Death is an “active force of negativity that moves to counter and cancel and prevent well-being,” writes Old Testament scholar, Walter Brueggemann.[i] Death, in its many forms, leaves us feeling diminished and separated from God. Grief after death is not a one time visitor....it’s thread runs through our lives in many ways. As a chaplain friend of mine says, “There are so many little deaths in life – dying is just one of them.”
We most certainly experience the shroud of death Isaiah speaks of when our loved ones die. Some deaths are just way before their time and come with tragic circumstances. And even when the death of a loved one has been peaceful and comes naturally at the end of a vital, productive life we can still feel the devastation of loneliness and abandonment. We grieve many other losses in life..... job loss – relationship loss – loss of meaning in the midst of despair and depression – loss of community in moving across the country – the loss of a beloved pet. We grieve when we hear the news of violence against other human beings – gun violence, domestic violence, the violence of prejudice and injustices of all kinds, the violence of war. We grieve when we hear of and experience ecological violence against God’s creation. And we often feel helpless in the midst of grief, disgraced that we cannot lift ourselves up from the mire, that we cannot change the circumstances that caused us or others to grieve. We feel alone.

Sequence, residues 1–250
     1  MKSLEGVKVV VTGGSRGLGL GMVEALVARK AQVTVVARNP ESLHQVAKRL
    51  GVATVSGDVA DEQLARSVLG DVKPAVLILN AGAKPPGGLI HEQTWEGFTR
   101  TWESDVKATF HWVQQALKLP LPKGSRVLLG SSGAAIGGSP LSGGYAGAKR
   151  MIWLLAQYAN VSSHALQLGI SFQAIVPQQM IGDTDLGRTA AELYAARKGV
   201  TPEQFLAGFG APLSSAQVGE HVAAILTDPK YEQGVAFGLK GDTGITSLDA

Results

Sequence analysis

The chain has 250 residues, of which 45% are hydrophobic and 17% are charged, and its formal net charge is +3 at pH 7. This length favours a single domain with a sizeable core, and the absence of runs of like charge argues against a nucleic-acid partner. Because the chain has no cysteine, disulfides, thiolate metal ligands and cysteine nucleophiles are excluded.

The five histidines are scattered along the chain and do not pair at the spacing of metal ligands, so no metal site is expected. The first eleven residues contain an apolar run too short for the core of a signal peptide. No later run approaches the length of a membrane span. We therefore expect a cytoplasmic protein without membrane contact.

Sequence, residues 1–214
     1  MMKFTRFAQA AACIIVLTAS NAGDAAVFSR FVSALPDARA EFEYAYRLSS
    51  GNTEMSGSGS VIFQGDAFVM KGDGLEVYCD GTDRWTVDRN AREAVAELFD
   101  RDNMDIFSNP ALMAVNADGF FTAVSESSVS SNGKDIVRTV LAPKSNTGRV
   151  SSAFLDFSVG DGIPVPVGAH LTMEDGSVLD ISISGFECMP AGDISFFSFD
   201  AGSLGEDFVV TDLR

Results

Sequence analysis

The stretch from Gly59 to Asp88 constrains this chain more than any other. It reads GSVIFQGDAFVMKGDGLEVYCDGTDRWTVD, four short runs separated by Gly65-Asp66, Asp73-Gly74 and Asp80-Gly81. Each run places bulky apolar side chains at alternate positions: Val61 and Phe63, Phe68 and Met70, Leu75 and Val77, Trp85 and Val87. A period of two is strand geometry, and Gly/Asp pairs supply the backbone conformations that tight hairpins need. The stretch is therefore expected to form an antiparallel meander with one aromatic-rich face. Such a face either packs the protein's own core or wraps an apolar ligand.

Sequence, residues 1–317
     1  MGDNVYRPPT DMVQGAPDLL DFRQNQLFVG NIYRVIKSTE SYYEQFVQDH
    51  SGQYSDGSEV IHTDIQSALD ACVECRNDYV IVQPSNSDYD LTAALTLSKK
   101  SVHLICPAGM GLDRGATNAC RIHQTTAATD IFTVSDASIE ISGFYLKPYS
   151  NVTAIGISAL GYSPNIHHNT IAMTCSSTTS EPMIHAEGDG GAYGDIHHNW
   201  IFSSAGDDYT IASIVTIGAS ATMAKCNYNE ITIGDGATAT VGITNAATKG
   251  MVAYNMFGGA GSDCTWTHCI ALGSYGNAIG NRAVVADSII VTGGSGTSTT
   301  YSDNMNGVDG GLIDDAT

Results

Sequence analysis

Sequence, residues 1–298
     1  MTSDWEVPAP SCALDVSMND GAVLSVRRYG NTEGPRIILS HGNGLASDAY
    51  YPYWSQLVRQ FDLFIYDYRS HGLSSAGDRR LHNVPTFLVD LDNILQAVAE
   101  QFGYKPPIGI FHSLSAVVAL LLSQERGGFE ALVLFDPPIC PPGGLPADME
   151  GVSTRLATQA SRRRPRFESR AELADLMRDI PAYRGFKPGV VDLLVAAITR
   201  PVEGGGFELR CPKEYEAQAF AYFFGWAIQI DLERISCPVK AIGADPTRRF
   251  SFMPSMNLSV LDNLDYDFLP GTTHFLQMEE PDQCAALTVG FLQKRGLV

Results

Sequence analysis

In all these experiences our hearts, our souls, long for companions in community and in the presence of God. We need those who will walk beside us, following our lead as we move through the sorrow, the anger, the numbness, the loneliness. We need companions without judgment, without time frames, or fix-it solutions to cheer us up. We need companions who patiently walk with us toward the hope of transformation. The best gift we can give someone in grief is simply being a companion.
The poet, Patricia McKernon Runkle beautifully expresses this kind of companioning in her poem “When You Meet Someone Deep in Grief.”